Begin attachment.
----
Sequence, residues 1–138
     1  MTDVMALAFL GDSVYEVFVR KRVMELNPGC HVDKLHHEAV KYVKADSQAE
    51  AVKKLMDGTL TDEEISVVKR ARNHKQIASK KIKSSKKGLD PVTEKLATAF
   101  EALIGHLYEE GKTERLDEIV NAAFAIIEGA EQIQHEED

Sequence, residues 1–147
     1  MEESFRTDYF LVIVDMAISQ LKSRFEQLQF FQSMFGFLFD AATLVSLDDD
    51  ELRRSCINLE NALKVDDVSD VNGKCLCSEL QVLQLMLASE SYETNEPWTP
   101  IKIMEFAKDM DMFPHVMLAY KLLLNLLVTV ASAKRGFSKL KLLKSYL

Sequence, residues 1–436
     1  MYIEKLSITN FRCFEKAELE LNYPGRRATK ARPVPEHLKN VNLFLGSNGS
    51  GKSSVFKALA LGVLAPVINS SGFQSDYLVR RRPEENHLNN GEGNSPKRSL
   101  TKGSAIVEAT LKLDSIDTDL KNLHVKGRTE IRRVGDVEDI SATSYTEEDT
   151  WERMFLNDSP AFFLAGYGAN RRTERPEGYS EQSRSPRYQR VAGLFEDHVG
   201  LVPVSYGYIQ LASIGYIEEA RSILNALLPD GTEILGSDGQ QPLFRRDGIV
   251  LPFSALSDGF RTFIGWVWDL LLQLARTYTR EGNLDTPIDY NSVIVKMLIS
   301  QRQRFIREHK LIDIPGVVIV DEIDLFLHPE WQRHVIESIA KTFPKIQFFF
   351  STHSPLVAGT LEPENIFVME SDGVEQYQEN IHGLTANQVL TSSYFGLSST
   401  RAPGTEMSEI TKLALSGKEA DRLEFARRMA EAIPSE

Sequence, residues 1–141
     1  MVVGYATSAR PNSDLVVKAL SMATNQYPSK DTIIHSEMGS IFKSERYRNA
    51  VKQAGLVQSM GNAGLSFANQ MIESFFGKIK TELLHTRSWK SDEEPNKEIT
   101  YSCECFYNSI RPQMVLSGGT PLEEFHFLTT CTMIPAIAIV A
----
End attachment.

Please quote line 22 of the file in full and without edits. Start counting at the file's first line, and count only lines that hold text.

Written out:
   101  YSCECFYNSI RPQMVLSGGT PLEEFHFLTT CTMIPAIAIV A